First of all i say that you should google this as it is defined in detail in many places
These variables only exist inside the specific function that creates them. They are unknown to other functions and to the main program. As such, they are normally implemented using a stack. Local variables cease to exist once the function that created them is completed. They are recreated each time a function is executed or called.
These variables can be accessed (ie known) by any function comprising the program. They are implemented by associating memory locations with variable names. They do not get recreated if the function is recalled.
/* Demonstrating Global variables */
int add_numbers( void ); /* ANSI function prototype */
/* These are global variables and can be accessed by functions from this point on */
int value1, value2, value3;
int add_numbers( void )
auto int result;
result = value1 + value2 + value3;
auto int result;
value1 = 10;
value2 = 20;
value3 = 30;
result = add_numbers();
printf("The sum of %d + %d + %d is %d\n",
value1, value2, value3, final_result);
Sample Program Output
The sum of 10 + 20 + 30 is 60
The scope of global variables can be restricted by carefully placing the declaration. They are visible from the declaration until the end of the current source file.
void no_access( void ); /* ANSI function prototype */
void all_access( void );
static int n2; /* n2 is known from this point onwards */
void no_access( void )
n1 = 10; /* illegal, n1 not yet known */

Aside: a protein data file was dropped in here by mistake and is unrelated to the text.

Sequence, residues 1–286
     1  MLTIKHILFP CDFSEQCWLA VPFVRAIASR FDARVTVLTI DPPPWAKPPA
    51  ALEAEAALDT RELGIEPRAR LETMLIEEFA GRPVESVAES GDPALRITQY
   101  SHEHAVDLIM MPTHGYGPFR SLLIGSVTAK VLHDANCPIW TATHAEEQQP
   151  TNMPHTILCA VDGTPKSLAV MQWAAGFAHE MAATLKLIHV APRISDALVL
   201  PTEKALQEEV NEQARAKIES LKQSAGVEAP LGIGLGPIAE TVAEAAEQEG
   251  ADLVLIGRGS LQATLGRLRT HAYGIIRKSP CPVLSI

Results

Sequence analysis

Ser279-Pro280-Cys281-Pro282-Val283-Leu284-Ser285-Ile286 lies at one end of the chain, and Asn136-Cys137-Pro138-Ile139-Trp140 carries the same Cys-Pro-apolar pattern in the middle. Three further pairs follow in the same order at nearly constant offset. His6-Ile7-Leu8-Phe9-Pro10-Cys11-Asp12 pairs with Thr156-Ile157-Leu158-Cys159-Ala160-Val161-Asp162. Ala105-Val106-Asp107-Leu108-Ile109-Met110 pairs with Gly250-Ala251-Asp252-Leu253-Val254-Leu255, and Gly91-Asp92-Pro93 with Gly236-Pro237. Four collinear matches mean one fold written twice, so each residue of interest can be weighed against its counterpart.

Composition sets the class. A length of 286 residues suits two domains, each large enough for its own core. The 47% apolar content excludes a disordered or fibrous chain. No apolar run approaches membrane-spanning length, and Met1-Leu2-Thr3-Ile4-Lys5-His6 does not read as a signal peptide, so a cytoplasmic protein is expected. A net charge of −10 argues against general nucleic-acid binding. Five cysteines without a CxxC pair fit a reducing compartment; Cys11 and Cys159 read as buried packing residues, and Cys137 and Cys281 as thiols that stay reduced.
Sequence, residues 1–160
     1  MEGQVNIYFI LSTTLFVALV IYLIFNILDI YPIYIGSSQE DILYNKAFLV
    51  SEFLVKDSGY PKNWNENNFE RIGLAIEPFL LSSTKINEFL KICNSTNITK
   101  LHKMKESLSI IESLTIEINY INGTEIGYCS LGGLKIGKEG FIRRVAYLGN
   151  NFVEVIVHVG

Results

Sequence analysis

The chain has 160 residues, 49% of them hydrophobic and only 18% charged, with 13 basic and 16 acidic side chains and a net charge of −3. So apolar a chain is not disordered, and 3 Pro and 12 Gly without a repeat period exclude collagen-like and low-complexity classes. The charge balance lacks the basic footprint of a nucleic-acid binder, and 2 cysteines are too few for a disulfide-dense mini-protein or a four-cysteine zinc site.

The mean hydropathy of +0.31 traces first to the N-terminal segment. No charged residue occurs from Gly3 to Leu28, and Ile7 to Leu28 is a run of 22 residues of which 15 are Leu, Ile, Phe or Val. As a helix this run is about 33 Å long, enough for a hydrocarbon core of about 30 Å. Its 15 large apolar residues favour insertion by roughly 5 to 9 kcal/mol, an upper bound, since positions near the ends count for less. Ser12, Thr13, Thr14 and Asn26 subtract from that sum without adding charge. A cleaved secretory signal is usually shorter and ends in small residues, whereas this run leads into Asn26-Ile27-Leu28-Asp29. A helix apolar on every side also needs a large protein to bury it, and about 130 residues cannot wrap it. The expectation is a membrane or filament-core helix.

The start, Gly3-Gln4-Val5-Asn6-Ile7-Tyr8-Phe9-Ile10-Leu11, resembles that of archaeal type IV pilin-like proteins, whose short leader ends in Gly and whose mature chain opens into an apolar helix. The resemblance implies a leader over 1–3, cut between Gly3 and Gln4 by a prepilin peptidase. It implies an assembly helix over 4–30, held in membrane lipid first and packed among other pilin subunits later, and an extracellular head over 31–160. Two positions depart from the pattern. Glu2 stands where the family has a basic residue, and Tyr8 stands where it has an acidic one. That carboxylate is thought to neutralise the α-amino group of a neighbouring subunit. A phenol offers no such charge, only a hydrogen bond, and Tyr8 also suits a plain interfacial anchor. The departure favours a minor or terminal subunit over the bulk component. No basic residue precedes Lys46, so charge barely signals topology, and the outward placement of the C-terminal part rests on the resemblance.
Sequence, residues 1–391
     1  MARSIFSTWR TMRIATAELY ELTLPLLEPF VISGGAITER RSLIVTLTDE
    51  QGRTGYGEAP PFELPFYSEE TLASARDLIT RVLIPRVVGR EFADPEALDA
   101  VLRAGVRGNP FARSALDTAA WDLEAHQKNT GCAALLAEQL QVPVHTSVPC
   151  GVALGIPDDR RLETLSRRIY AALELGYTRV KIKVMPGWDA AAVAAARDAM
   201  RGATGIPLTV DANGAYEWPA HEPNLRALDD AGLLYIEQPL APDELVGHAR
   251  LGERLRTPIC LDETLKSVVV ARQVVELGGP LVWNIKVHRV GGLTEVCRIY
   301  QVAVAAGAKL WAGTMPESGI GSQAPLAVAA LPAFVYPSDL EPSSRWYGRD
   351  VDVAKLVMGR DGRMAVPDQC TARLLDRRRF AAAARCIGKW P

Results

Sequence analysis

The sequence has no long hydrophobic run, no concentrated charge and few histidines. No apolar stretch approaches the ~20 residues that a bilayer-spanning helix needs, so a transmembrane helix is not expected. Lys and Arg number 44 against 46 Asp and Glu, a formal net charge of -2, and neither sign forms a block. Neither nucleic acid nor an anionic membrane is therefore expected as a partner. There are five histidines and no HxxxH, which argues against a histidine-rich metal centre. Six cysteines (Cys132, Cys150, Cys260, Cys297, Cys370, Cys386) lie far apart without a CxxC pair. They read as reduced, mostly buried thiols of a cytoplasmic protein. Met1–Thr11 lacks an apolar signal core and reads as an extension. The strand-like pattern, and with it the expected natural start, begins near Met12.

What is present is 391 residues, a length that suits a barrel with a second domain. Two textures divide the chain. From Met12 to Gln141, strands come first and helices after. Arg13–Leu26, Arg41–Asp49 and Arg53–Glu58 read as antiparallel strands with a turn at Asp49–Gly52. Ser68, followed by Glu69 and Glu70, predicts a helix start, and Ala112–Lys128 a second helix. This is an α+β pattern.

n2 = 5; /* valid */
static int n1; /* n1 is known from this point onwards */
void all_access( void )
n1 = 10; /* valid */
n2 = 3; /* valid */
Static object is an object that persists from the time it's constructed until the end of the program. So, stack and heap objects are excluded. But global objects, objects at namespace scope, objects declared static inside classes/functions, and objects declared at file scope are included in static objects. Static objects are destroyed when the program stops running.
I suggest you to see this tutorial list
(Called automatic variables.)
All variables declared within a block of code are automatic by default, but this can be made explicit with the auto keyword.[note 1] An uninitialized automatic variable has an undefined value until it is assigned a valid value of its type.
Using the storage class register instead of auto is a hint to the compiler to cache the variable in a processor register. Other than not allowing the referencing operator (&) to be used on the variable or any of its subcomponents, the compiler is free to ignore the hint.
In C++, the constructor of automatic variables is called when the execution reaches the place of declaration. The destructor is called when it reaches the end of the given program block (program blocks are surrounded by curly brackets). This feature is often used to manage resource allocation and deallocation, like opening and then automatically closing files or freeing up memory.SEE WIKIPEDIA